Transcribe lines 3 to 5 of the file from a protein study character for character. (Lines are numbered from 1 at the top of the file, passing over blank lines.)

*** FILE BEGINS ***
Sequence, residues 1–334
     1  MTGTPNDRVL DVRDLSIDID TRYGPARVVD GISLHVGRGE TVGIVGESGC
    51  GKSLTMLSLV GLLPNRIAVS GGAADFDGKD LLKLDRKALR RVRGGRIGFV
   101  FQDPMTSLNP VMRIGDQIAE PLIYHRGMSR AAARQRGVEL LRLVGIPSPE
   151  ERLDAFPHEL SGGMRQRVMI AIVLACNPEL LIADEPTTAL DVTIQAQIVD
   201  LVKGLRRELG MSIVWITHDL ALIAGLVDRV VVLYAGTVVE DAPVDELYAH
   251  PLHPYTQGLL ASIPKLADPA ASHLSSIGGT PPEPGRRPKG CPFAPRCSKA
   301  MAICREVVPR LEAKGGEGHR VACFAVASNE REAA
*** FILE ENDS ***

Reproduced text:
    51  GKSLTMLSLV GLLPNRIAVS GGAADFDGKD LLKLDRKALR RVRGGRIGFV
   101  FQDPMTSLNP VMRIGDQIAE PLIYHRGMSR AAARQRGVEL LRLVGIPSPE
   151  ERLDAFPHEL SGGMRQRVMI AIVLACNPEL LIADEPTTAL DVTIQAQIVD